The Regency costumes were generally badly researched – the designer went for “the obvious” rather than “the correct”. There wasn’t a single pair of correctly period shoes on the entire stage, and hairstyles were abysmally modern. Correct me if I’m wrong (and I’m sure someone will because I’m sure all my Readers are clever people and know all sorts of stuff) but I don’t think the Alice Band was a staple of Regency hairdressing,. Jessie Cave, as Thomasina, wore one over long hair which was hanging down straight, and this really looked completely wrong. The modern-day costumes were an odd blend of 80s, 90s and Noughties.
There were some OK performances, but none, I think, that came anywhere near what those in the original performances must have been (I didn’t see it, so admit that this is pure supposition). But Sarah Bond just ain’t in the same league as Felicity Kendall, nor does Neil Pearson have the academic weight or dry wit of Bill Nighy. However much I may refute Him Indoors’ scathing dismissal of Mr. Pearson as merely “Women’s Television Totty”, I don’t think he is right for the part of Bernard Nightingale. Dan Stevens made a good job of the role of Septimus but, you know, gazing at my postcard of Rufus Sewell, can’t help but think the latter would have been more Broodingly Byronic. Nancy Carroll seemed to take a good long while to get to grips with the role of Lady Croom and her final scenes were very well done, but I kept imagining Harriet Walter in the original production and thinking……hmmmmm. Ed Stoppard, aside from the obvious charges of nepotism which are undoubtedly going to be levelled at him (and with good reason), did a good job but, you know, Sam West played that part…..OK, OK, I have to stop this business of comparing everyone on stage with those that were in a production I never saw, but I just can’t help thinking that they would have done it better….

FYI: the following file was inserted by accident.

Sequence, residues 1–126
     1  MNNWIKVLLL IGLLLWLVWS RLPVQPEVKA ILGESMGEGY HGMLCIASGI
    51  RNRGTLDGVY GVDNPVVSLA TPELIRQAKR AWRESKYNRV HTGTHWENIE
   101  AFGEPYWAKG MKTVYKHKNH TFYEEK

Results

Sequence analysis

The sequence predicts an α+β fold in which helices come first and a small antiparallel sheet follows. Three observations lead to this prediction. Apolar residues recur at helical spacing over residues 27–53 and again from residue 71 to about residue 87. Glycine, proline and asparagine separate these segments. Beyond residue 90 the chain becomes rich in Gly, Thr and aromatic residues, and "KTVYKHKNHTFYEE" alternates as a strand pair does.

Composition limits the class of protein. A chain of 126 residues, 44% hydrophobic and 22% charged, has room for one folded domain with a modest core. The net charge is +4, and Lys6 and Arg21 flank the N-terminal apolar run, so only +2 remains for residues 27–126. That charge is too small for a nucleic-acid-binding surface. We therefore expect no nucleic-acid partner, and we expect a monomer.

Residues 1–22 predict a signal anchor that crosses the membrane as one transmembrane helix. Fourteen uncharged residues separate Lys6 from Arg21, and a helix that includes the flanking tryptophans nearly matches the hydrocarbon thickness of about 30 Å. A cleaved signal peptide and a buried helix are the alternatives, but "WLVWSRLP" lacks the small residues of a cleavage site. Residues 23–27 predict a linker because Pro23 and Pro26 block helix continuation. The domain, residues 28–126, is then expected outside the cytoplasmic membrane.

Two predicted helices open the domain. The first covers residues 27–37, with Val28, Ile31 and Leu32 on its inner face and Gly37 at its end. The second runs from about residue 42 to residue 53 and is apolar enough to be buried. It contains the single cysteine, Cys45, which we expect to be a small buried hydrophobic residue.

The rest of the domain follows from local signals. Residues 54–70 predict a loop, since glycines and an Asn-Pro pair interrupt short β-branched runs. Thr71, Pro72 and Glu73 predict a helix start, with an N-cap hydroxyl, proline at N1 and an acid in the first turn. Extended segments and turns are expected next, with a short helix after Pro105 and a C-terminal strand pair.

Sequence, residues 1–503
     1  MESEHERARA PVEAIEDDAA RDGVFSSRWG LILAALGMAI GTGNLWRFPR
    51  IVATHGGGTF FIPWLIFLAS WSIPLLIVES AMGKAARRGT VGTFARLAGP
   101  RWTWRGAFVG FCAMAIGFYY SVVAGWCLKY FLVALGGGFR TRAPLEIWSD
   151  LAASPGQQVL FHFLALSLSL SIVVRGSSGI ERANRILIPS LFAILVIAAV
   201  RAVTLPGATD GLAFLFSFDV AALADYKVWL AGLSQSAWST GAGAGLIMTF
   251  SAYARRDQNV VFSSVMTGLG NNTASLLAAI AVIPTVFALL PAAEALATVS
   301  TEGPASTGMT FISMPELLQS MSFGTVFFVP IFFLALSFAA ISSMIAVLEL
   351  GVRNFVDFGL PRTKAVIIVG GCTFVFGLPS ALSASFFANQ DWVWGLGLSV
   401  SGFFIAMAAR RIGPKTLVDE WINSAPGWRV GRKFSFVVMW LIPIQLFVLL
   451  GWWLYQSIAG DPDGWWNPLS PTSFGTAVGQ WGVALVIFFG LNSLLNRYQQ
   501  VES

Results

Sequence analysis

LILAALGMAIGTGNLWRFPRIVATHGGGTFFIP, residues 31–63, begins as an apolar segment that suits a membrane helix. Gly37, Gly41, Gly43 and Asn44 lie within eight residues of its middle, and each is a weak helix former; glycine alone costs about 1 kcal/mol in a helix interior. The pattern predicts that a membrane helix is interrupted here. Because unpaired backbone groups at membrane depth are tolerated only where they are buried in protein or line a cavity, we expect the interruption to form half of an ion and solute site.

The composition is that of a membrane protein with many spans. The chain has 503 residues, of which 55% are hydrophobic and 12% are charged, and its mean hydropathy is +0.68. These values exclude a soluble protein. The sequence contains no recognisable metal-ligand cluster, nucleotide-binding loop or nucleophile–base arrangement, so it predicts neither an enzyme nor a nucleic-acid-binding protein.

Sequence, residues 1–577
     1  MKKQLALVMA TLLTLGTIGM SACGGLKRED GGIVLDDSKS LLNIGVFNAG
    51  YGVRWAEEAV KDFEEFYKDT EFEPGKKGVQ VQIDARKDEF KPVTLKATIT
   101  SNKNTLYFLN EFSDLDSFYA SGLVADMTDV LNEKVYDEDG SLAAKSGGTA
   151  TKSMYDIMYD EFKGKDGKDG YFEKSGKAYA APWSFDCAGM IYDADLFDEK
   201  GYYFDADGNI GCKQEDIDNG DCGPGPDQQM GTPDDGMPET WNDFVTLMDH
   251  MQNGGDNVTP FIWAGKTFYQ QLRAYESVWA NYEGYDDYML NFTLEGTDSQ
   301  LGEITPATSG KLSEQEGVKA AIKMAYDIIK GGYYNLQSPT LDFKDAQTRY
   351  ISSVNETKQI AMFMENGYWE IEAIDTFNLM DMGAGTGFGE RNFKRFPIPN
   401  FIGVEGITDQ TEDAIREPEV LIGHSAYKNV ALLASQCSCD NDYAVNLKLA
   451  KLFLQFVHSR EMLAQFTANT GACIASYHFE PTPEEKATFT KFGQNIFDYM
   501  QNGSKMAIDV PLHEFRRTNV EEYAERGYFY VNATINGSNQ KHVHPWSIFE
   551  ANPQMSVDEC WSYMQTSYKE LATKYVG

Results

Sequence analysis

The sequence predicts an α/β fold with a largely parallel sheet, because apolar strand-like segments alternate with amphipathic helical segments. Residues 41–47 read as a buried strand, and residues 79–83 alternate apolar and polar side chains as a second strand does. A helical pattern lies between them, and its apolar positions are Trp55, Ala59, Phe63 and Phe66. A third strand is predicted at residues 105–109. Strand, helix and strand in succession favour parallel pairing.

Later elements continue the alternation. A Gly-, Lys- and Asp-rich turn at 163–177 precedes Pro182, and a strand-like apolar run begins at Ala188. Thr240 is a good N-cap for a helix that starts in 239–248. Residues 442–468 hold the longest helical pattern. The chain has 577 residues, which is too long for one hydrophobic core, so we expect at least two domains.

On the subject of it being extremely hot in the theatre, those of you who are connoisseurs of the absurdities of modern life will no doubt enjoy this extract from an exchange during the interval with a staff member who opened the fire exit doors to let some fresh air in. Him Indoors showed a surprising turn of speed and managed to nip past and onto the fire escape, prompting the response “You can’t go out on the fire escape because its against Health and Safety Regulations”. The Devil whispered in my ear and I asked whether this would be the case during a fire? I got a sour look in exchange. The Theatre Manager then walked past and went on to the fire escape. Desperately anxious to prevent a staff member breaking their own Health and Safety Regulations and leaving themselves open to possible litigation should there be an accident , I told him “You can’t go onto the Fire Escape, its against Health and Safety……” Two sour looks…… and a “tick” for today. (another arrow in the side of pompous officialdom!).